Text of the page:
The Realities of Education in the 1990s: An Interview with Mrs. Margaret Wright

By Gracie Sellers, Shelton State Community College

I met with Mrs. Margaret Wright on a Saturday morning in her kitchen at her lovely home in the country. There, Mrs. Wright told me her experiences of what it was like to get where she is now in life. She is a wife, mother, and recently became a grandmother. Mrs. Wright works at Coral Industries, but this was not her dream job. Therefore, my question to her was, “What was your dream job, and why did you not pursue it?” Her answer was simple, “Life changes, you change, and let’s be honest, college is hard.” Following up on her answer, I asked Mrs. Wright about her younger years. 

Her mother was a single parent, a teacher who felt the financial strain. Mrs. Wright explained how she would spend her teenage years in the ballpark concession stands earning her money, trying to help her mother by providing for her own needs. She graduated from Tuscaloosa County High in 1988, which held over five hundred students. After graduation, she attended Shelton State Community College. She says she felt obligated to have a job while in college but never failed to keep a 4.0 GPA the two years she attended Shelton. Mrs. Wright explained how exhausting it was to manage both but knew she had to because of the financial strain on her and her mother. She explained how having a job makes you independent. 

After getting her Associate’s degree from Shelton, a woman named Bethany Ingle helped Mrs. Wright get a scholarship to the University of Alabama (UA). She was returning to college to pursue her passions for painting and ceramics. While attending the University of Alabama, Mrs. Wright told me she mainly stayed in the art buildings, Woods Hall, and the Ferguson Student Center. At the time, UA was not a walkable campus. Mrs. Wright said, “It was more peaceful back.” Mrs. Wright also explained how she did not use technology while in college. She was first introduced to computers when she was in sixth grade, and never even used one. She was more into books. She even quoted Albert Einstein to better articulate her position, “I fear the day that technology will surpass our human interaction. The world will have a generation of idiots.” While I must admit I laughed at this, she further explained, “Technology is a great thing, but your truest information and sources come from your true resources that can only be found in books and history.” Mrs. Margaret Wright graduated from the University of Alabama in December 1992. Upon graduation, she did not use her degree because, as she explained, “college took a toll on [her].” She was exhausted and never took any breaks or time for herself.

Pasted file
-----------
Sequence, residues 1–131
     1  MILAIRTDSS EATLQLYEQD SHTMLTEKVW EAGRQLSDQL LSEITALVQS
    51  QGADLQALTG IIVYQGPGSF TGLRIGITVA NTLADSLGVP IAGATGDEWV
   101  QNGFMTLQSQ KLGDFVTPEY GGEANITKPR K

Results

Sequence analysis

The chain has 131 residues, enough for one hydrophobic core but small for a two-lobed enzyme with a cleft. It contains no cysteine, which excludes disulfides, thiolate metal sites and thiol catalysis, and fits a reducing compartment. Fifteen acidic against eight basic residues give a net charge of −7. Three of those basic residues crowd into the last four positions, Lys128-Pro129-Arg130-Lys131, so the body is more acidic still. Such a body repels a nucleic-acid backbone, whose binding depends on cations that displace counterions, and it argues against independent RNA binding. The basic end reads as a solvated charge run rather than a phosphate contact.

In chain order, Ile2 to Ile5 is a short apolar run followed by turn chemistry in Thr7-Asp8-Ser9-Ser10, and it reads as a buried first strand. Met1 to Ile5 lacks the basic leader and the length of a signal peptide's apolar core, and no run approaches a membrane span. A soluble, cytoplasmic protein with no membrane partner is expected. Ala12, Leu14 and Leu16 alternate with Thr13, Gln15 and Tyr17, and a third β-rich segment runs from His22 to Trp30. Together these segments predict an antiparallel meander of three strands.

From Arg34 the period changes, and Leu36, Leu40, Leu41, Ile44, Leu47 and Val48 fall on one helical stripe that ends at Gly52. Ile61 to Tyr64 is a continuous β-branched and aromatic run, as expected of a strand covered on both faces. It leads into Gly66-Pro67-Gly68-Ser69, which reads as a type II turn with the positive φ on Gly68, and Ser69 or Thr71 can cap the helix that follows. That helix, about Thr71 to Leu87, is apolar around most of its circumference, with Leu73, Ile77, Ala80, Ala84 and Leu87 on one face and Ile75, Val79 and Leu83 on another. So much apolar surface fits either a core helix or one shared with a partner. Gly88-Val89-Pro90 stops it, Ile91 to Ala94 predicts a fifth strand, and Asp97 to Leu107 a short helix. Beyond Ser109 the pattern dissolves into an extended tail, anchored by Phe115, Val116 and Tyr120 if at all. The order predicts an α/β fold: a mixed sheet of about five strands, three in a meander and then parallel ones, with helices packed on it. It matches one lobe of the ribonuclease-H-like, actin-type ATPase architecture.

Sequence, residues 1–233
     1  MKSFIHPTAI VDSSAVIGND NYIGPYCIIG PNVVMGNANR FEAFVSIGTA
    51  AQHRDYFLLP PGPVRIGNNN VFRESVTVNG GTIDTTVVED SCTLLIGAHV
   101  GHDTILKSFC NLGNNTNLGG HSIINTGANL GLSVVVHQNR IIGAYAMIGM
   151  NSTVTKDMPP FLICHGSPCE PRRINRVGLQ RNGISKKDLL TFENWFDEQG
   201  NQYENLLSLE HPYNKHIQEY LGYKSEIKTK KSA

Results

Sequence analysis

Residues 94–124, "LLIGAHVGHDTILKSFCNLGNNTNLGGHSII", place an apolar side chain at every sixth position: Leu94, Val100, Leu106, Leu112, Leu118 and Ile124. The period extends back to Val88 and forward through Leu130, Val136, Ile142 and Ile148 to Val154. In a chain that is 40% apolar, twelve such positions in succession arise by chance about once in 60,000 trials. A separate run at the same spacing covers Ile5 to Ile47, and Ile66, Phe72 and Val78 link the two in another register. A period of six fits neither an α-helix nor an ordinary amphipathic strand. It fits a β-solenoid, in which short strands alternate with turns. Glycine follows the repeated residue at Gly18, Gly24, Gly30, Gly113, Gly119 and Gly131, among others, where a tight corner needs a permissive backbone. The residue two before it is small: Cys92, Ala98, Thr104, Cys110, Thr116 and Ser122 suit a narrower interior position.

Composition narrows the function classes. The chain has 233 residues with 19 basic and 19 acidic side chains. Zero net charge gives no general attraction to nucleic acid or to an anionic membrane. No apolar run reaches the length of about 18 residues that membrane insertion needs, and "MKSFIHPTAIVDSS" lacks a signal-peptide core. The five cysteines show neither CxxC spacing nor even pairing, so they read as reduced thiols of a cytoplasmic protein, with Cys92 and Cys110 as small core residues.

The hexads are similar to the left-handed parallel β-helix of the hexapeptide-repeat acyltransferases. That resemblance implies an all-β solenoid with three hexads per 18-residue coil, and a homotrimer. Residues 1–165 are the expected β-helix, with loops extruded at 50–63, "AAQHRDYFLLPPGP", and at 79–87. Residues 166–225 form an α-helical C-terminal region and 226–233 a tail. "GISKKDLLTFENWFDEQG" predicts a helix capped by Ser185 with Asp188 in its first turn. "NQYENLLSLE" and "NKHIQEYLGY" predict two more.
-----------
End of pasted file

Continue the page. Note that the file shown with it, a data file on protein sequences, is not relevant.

Our short conversation closed with Mrs. Wright telling me that she was tired of being poor and stressed out. For that reason, with her two degrees, she took a job at Coral Industries Incorporation, a manufacturing company. She has been there for twenty years and is content with the life she has made for herself. Mrs. Wright’s advice to me was this, “Go for what you love, if you need a break, take it, and with time everything will fall into place.” Her words of wisdom meant a lot to me because I am on a similar college journey in hopes of following my passion. I needed to hear someone remind me to take breaks, do what I love, and that everything will fall into place. 

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